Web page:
Editorial on population decline

Editorial from March 12 issue of the Grand Forks Gazette.

There is a lot you can read into statistics.A lot that isn’t there, that is, and is likely just hearsay.In reference to the city’s population declining, a drop of less than one per cent is not something that needs to be focused on.Sure, it wasn’t a rise of one per cent, but there are many inconsistencies in the data gathering that could lead for much misinformation.The province’s statistical wing uses a regression model with symptomatic indicators, pulling the number of people in a certain community from such things as health client registries and residential hydro hook-ups to gauge population growth from one year to the next. Although these estimates assist in local and provincial government planning processes, they are by far an accurate way to gauge a community’s population.And in the case of Grand Forks, like the rest of the province, the “hidden” population of an area can account for a very large percentage of population.Populations designated as on the verge of decline could rise in summer and decline in winter as work becomes available. And not everyone who lives here can be tracked through the health registry or hydro.But rest assured, in comparing the health of the city’s population with the rest of the province—on economies of scale—the city of Grand Forks is a thriving place to call home, like several thousand already do.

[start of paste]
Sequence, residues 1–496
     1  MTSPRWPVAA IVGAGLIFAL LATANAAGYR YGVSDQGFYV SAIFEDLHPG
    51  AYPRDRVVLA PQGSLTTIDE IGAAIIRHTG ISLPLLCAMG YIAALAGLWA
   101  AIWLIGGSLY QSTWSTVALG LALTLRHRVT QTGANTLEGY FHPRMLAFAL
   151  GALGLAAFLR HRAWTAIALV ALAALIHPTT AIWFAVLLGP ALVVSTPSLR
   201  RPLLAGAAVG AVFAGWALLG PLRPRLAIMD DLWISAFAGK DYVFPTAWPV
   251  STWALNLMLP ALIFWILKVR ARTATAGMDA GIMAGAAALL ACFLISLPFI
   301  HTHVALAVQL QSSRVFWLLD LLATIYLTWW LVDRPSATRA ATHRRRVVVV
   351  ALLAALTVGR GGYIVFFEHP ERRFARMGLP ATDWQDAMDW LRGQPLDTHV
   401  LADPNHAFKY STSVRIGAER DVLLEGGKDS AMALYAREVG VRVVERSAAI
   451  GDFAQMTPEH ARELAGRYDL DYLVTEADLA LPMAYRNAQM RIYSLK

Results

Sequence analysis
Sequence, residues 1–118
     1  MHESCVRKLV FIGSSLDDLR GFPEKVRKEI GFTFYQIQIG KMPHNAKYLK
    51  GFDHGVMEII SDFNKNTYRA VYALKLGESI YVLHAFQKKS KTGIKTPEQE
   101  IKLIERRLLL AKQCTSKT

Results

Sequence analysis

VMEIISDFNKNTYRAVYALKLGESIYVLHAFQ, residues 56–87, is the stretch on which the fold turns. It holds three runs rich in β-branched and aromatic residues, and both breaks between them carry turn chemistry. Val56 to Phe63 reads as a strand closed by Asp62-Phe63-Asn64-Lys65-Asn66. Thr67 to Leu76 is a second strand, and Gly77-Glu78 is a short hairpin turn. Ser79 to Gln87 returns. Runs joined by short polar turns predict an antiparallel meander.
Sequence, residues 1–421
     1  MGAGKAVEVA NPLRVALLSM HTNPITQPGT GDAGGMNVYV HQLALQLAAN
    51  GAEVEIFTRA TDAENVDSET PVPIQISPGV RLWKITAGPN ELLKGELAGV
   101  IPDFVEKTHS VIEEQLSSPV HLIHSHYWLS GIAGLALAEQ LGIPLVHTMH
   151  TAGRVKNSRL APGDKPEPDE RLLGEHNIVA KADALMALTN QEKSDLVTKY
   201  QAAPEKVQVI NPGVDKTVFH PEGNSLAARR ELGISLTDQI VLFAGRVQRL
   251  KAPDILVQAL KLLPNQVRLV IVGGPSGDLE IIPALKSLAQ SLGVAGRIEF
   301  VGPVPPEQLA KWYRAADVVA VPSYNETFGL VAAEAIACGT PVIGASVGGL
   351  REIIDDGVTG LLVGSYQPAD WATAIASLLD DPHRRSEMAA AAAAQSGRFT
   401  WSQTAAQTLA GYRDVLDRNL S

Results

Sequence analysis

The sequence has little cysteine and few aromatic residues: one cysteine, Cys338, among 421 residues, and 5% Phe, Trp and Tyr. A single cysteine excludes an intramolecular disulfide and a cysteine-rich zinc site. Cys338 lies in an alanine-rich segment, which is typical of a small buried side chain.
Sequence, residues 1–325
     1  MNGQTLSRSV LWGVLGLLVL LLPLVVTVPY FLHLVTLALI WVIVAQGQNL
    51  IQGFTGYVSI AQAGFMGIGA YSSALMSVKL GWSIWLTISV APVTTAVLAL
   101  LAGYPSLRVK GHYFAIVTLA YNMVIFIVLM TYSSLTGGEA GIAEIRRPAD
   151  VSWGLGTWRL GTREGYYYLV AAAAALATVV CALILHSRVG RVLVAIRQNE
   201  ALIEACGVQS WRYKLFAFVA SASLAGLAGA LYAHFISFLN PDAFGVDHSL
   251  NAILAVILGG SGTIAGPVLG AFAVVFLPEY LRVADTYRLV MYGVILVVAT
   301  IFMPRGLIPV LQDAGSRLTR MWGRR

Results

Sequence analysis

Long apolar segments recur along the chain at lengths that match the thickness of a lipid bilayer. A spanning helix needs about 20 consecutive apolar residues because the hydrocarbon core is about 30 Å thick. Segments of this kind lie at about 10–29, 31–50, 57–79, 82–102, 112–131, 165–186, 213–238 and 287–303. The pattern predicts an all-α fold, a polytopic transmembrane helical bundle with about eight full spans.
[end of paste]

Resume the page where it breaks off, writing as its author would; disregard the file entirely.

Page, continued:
Grand Forks Gazette

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